The Death of Castro

The death of Castro requires of me special comment as social media has been awash, over the last couple of days, with celebrations of the man who has presided over a country where doctors are paid $25 a month, teacher $15, and the best paid professions are taxi driver and prostitute. A nation where people need vouchers to buy food.

Some of his champions naively blame the U.S. embargo on Cuba for these conditions but, while the embargo is needless, immoral, and never should have been implemented, this simply belies their basic lack of understanding of economics. Conditions in Cuba are the obvious and necessary consequence of central planning and reflect those consequences of wherever else it has been tried. Cuba can trade with most of the world so it can’t simply be the American embargo at fault. What Cuba cannot do is build up the wealth and capital necessary to take their people out of poverty.

But what can you say to someone who loves Big Brother?

My mother visited Cuba early in the year and stopped at a tobacco farm where she learned that those that labour there work like dogs year round, until harvest time when the government takes 70% of their crops, leaving them with the other 30. (How is this not exploitation of the working class to the left?)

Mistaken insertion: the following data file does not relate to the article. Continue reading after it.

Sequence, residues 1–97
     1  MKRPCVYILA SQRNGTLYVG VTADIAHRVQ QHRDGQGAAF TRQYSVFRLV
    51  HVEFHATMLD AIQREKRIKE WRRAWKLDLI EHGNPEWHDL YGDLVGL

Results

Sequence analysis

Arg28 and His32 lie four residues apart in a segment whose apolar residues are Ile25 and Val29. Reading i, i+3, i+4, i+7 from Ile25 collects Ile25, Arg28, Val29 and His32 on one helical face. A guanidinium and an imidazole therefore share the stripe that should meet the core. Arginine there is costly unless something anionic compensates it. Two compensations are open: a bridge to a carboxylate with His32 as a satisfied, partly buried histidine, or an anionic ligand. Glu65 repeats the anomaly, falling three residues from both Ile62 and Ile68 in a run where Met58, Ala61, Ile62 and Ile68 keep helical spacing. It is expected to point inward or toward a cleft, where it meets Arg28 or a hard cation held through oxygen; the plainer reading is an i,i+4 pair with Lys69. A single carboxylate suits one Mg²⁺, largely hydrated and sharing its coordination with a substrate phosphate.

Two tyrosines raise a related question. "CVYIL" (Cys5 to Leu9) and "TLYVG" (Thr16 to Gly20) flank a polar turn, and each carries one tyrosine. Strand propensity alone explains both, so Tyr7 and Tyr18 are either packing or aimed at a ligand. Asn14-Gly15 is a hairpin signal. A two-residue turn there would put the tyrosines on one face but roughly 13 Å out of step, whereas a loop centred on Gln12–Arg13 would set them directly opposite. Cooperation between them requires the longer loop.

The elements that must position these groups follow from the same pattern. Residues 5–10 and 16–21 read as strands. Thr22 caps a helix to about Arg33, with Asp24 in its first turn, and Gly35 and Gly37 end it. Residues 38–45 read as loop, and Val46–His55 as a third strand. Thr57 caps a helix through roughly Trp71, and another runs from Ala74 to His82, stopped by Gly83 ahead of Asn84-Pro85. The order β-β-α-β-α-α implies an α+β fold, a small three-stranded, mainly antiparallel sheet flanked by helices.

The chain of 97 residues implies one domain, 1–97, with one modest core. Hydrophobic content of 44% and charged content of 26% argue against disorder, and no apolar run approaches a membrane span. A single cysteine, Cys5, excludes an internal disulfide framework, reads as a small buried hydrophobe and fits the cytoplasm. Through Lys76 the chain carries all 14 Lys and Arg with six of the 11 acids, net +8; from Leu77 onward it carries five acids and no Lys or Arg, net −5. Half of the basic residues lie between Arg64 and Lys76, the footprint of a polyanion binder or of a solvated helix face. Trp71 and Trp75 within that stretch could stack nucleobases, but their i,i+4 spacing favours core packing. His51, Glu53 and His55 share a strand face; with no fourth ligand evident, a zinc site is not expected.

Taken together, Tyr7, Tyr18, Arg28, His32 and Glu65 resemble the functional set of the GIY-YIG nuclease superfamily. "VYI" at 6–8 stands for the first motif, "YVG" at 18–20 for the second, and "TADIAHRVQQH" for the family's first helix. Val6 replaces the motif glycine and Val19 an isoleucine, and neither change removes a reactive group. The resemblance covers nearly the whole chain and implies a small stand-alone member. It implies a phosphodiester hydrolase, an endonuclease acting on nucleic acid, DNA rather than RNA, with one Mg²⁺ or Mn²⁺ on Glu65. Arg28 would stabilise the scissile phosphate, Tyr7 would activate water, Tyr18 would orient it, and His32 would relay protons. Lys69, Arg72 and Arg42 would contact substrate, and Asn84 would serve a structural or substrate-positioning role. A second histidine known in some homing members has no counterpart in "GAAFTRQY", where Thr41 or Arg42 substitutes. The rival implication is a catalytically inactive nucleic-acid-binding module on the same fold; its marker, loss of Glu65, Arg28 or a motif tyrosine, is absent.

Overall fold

This is why Cuba is poor. If you rob people of their efforts you rob them of their dignity and desire to work for those efforts. You can’t grow an economy under those conditions, increasing peoples living standards depends on people having the incentive to produce more than they consume.

Other supporters point to Cuba’s supposedly renowned healthcare system (which doesn’t have the money to provide medicines) and education. On facebook, I quipped, “People celebrating Castro would rather everyone was poor but got free healthcare from the government, than everyone was rich enough to pay for their own healthcare.”

In a land where people are not free to attain to their highest potential what little use to them can an education be?

My hopes remain with the Cuban people.
Source: Seeing Not Seen

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